Speaking Out

On how and when scientists speak out and engage, pushing beyond peer review and into the public conversation.

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Read Time: 4 minutes


“Is it enough to do good science and publish it in reputable peer-reviewed journals?” asks historian of science Naomi Oreskes.

A resume filled with peer-reviewed publications and presentations at scientific meetings is the standard scientific career. And yet, more and more scientists are finding themselves translating a piece of their work for a larger audience. There are scientists who enter fields that they know are more public—those who study climate science or gun violence or the outcomes of child poverty—and who, as such, can expect to be called upon to engage in the public space. But the spread of misinformation calls on the engagement of scientists of all stripes from time to time. What does a scientist do, in the performance of her research, when she feels the needs to speak out on an issue on which she is an expert, pushing beyond peer review into public view?

The hit movie in the past year that reminds us of this is the story of Oppenheimer. Here was an intellectually excitable theoretical physicist asked to create a weapon of destruction that was not theoretical, a scientist who came to understand what annihilation means in the world with atomic energy. When its catastrophic potential was unleashed to produce suffering and the end of a World War, Oppenheimer knew he was responsible for this first bomb’s manufacture and, in part, for its use. Later, he spoke against the next generation of weapons, even as nuclear arsenals became world-defining.

To speak out—for Oppenheimer and for scientists today—moves one outside the company of colleagues and into a new set of practical and ethical challenges. Where to speak out? Where are your announcements likely to generate positive effects and pressure? Are you speaking to policy-makers or the public, or both? What is the measure of success?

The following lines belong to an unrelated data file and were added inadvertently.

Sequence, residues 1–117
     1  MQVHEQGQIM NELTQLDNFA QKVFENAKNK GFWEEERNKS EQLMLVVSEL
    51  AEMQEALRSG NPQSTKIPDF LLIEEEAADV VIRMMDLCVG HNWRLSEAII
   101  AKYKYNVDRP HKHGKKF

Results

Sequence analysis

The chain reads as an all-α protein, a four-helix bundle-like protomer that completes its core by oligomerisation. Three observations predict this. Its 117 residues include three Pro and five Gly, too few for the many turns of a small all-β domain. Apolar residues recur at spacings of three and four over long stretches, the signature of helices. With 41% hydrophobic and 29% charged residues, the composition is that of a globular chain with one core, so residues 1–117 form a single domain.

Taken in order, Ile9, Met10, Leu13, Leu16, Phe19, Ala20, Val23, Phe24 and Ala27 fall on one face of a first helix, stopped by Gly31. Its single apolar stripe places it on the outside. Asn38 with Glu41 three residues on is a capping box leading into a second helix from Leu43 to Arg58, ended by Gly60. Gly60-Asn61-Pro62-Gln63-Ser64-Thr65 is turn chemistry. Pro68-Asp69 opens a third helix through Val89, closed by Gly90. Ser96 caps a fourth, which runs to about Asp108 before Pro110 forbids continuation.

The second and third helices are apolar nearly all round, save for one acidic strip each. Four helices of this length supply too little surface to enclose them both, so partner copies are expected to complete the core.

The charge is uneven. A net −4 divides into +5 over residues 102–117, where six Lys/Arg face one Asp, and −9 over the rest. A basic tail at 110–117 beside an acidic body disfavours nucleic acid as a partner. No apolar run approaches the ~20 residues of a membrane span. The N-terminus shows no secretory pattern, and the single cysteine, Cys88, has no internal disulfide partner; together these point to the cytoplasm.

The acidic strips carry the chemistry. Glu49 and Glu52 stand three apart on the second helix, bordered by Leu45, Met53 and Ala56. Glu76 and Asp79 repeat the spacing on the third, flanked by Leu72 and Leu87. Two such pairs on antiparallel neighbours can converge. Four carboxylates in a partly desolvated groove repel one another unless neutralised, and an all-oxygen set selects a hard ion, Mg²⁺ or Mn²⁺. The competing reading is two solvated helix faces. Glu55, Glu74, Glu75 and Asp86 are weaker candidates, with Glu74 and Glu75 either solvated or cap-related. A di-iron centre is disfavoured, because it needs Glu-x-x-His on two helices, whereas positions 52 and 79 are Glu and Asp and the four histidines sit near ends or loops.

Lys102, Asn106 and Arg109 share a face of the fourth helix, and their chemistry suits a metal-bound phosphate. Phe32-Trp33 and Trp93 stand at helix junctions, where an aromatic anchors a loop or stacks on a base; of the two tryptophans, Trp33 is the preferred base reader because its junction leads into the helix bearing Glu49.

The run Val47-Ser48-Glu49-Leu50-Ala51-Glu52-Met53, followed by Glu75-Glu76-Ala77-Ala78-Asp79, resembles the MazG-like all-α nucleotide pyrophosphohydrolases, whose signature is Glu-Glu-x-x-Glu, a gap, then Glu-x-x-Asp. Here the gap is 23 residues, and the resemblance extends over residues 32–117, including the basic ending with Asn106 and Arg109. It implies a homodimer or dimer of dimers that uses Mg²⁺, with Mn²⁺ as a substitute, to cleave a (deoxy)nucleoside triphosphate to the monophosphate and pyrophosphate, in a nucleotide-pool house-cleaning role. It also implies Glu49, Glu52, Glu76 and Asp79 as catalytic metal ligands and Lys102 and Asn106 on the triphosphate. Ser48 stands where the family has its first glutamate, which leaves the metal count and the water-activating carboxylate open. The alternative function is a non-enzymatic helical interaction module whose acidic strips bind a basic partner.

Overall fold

By and large, scientists are free to make their own decisions about when to engage publicly. Doing so is becoming increasingly part of scientists’ responsibility.

We suggest that scientists have a special obligation to come forward with expert knowledge when that is relevant to the world at large. We offer four issues for scientists to keep in mind when they take on the mantle of public engagement, straying beyond the typical confines of academic engagement. 

First, one must speak with honesty and accuracy, communicating technical ideas via intelligible arguments with clear meaning. Public speaking is an act of translation; scientists must learn a form of storytelling that fits the audience and the purpose. Sometimes such speech involves using a moderate tone, other times, outrage.

Second, scientists should speak specifically to their area of work and expertise. Staying close to what they know best, experts can call attention to aspects of an issue that are less prominent but important. For example, climate change involves not only arctic melting and extreme weather events, but the emergence of infectious disease. Critically, experts can offer a sense of a problem’s magnitude, significance, inequalities in burden, and time frame, not only that there is a problem.

Third, engagement in the public arena is stronger when it involves the many. As such, part of such engagement should involve convincing others in the field about the importance of taking on a public voice. Even a small company of knowledgeable supporters is advantageous. To be able to offer a collective voice generates credibility.

And fourth, scientists should not (certainly not at first) advocate for specific policy solutions. They can speculate about worst outcomes or challenge societal inertia, but the role of science remains principally to offer data and insights that can encourage societal action.

More and more, scientists are feeling the need to engage in the public conversation, to counter the spread of false information, to set the record straight. By and large, scientists are free to make their own decisions about when to engage publicly. Doing so is becoming increasingly part of scientists’ responsibility. Learning how we do it well, then, becomes a critical part of our efforts.

Previously in Observing Science: The Pump Handle